Friday, February 16, 2018

The Case of the Overly Truthful Girlfriend

Many psycho professionals have gotten in the habit of prescribing open and honest and shameless communication. Do not worry who you hurt. If a thought crosses your mini-mind, throw it out there and let other people pick up the pieces. You have done the right thing. If they don’t like it they can put it you know where.

So, a young women writes to Carolyn Hax asking about how she should deal with a sticky situation. She and her lesbian girlfriend have been invited to her brother’s wedding. She does not want to bring her girlfriend along. She has not even told her that she too was invited. The girlfriend thinks that she was not invited because they are gay. In truth, it’s because girlfriend blurts out whatever she is thinking, regardless.

The letter writer explains:

Thing is, I adore almost everything about her! She’s kind, beautiful, passionate, clever ... and committed to telling the truth no matter who it upsets. If your hair is unflattering, shell tell you. If your husband is screwing around, shell tell you. If your father died badly rather than the kind fiction your family have been telling you since you were a child, she’ll let the horrible cat out of the bag — at her cousin’s wedding!

I want my family to get to know her good side better before putting her in a situation where she’s going to risk alienating people by calling Aunt Mary fat — and I might have been less than discreet about some family issues before I realized she was not a vault.

Thing is, it’s so hard to talk to her about it, because she can’t budge from “truth is always best.” So do I take her and risk everyone hating her, keep lying and risk her hating my family, or find some marvelous third option?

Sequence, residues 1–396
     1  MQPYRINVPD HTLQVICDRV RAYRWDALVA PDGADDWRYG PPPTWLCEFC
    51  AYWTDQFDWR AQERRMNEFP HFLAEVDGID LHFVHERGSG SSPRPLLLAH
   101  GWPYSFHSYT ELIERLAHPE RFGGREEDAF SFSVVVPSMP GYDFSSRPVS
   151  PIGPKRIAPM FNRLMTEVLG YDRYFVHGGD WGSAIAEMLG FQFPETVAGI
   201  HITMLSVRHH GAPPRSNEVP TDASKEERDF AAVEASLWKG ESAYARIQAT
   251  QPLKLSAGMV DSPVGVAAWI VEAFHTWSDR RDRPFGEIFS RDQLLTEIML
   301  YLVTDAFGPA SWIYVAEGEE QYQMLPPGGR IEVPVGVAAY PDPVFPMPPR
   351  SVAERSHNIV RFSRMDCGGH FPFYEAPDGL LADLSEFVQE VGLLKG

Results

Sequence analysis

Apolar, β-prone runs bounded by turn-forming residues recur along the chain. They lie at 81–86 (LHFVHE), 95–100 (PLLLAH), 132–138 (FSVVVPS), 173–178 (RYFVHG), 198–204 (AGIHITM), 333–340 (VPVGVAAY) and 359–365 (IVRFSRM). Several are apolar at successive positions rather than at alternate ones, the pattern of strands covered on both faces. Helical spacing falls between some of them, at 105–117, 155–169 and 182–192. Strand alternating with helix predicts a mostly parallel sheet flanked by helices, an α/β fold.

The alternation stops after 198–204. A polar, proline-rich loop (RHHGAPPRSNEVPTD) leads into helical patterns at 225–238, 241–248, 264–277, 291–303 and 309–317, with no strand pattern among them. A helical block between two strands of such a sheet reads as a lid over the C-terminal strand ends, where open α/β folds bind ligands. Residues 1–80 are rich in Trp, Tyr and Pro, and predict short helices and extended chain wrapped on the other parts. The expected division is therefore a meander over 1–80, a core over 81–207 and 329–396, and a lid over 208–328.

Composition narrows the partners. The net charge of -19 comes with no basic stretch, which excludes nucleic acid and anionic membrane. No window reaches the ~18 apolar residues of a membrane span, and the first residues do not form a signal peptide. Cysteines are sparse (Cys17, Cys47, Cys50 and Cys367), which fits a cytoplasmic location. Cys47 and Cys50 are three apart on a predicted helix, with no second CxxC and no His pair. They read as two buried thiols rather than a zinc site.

Hax responds that the letter writer should be open and honest with her girlfriend. She says:

She insists on bluntness, so give it to her. “I don’t want to bring you because you don’t have a filter. I’m mostly fine with that, but not at a wedding when my family is meeting you for the first time.”

Let her see what “committed to telling the truth no matter who it upsets” feels like on the receiving end.

Evidently, and obviously, this woman has gotten herself involved with the wrong woman. One suspects that she has told her girlfriend too much and fears what the girlfriend might repeat if ever they should dissolve their sometime union. Who gets involved with someone who cannot keep a secret, who takes pride in indiscretion. The letter writer is an extremely poor judge of character. And she has confided in someone who has no filter... an error of judgment. For having been openly truthful, she has gotten herself in what seems to be an insoluble bind.

The problem can be solved. It’s difficult, but not impossible. She should go to the wedding by herself and throw the girlfriend who has no filter out of her life. That is the third option. 


Jack Fisher said...

a fourth option is that she shouldn't have a lebanese girlfriend.

Sam L. said...

She should be as open and honest as her girlfriend to her girlfriend/lover...or get her larynx anesthetized before the wedding.

Shaun F said...

I read this about her credentials "Carolyn Hax started her advice column in 1997, after five years as a copy editor and news editor in Style and none as a therapist. The column includes cartoons by "relationship cartoonist" Nick Galifianakis -- Carolyn's ex-husband"

From the way I read it - she has no formal training in therapy and her "ex-husband" does the cartoons?

Oh my.....oh my...not that I'd interpret these signs as red flags.

Sam L. said...

Is YOUR girl friend suffering from "Uncontrolled Tongue Disease"? Bummer for you.

Sam L. said...

Mayhap "Syndrome" would be more appropriate than "Disease".